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Desk Bust of Admiral Lord Lyons, 1856
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Desk Bust of Admiral Lord Lyons, 1856

Measurements: Height: 25cm (9.8in)

£1400

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Marble portrait bust of Lord Lyons, senior commander in the Crimean war, and Commander-in-Chief of the Royal Navy in the Mediterranean, wearing Vice-Admiral’s uniform, and Knight Commander’s neck badge of the Guelphic Order and the breast star of a Knight Grand Cross of the Military Division of the Order of the Bath. Inscribed to the reverse ‘Admiral Sir Edmund Lyons’. Signed and dated ‘M. Noble. Sc. 1856’.

The present bust recognizes Lyons’s contribution to the successful outcome of the Crimean War.
A close friend of Lord Raglan, Lyons was responsible for the capture of British base port of Balaclava. He supported the army on land, where he led assaults, including the Kerch operation. His friendship with Lord Raglan enabled the coordination of navy and army, the officers of which were endeared to his charisma. In June 1855, Lyons lost Raglan to dysentery and his own son, Captain Edward Moubray Lyons, R.N. (1819–1855), who had been severely wounded in a night attack on Sevastopol. After the fall of Sevastopol, Lyons led a successful expedition to capture Kinburn on 17 October 1855, which opened up the Bug and Dnieper rivers for allied operations.

As a young man Lyons, with his white-blonde hair and slight physique, liked to think he bore a passable physical resemblance to his hero Admiral Lord Nelson and was ever ready emulate his gallantry. In 1811 he led a heroic night attack on a Dutch fort during the British capture of Java, that won him widespread acclaim. His career as a whole was distinguished by his ‘bravery, spirit, and commitment’ in operations which often defied or lacked the approval of his immediate superiors, whose authority over him he would often refuse to acknowledge. Experience gained while attending the British ambassador at Constantinople in the 1830s caused Lyons was to be the only senior British officer with first hand knowledge of the Crimean theatre. In spite of his issues with authority, Lyons attended the allied Council of War at Paris in January 1856 and advocated increased aggression. On his return to London he was dined at a Grand Banquet at the Mansion House, awarded the Freedom of the City of London and lauded for his enthusiasm, energy, and leadership. Nevertheless the Foreign Secretary, Lord Clarendon, whom he had disobeyed, described Lyons as ‘irritable and one of the vainest men I ever knew’. Lyons’s life-size statue also by Matthew Noble stands today in St Paul’s Cathedral.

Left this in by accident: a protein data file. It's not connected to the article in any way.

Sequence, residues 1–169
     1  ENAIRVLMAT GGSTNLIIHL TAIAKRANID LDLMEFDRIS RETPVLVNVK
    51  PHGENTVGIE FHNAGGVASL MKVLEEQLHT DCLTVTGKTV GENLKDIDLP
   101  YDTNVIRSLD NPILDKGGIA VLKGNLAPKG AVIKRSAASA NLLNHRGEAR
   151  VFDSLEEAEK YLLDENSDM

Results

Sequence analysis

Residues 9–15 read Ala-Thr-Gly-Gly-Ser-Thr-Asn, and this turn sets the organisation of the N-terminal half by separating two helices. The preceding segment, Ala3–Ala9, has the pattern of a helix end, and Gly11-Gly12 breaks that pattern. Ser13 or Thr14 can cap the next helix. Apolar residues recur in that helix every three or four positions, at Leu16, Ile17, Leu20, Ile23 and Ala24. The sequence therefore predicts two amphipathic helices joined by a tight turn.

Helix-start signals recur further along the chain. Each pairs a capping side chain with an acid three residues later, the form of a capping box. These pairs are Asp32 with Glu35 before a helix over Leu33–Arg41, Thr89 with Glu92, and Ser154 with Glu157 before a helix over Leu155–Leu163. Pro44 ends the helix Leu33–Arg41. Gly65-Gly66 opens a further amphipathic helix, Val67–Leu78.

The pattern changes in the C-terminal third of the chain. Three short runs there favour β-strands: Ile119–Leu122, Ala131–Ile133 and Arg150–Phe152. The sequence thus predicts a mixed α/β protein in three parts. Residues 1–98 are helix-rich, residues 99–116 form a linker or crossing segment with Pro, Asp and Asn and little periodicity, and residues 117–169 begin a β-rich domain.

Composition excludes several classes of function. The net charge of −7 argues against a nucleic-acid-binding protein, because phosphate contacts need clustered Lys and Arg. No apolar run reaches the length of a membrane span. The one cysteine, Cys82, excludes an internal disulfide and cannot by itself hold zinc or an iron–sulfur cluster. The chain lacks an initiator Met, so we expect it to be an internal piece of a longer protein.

Matthew Noble (1817-1876) was apprenticed to his father, a stonemason, and then came to the notice of the local landowner, Sir John Johnstone of Hackness Hall. Johnstone sent him to London to study. As a pupil of the sculptor John Francis, Noble lived up to his patron's expectations, and started exhibiting at the Royal Academy in 1845. His first important public work was the statue of Tory Prime Minister Sir Robert Peel for St. George’s Hall, Liverpool (1853). In the same year he was chosen to produce the statue of the Duke of Wellington for Manchester's Piccadilly. Other well known public works are his Albert Memorial in Albert Square, Manchester (1862-67), his London  statues of Sir James Outram on the Victoria Embankment, and Lord Derby in Parliament Square.
 

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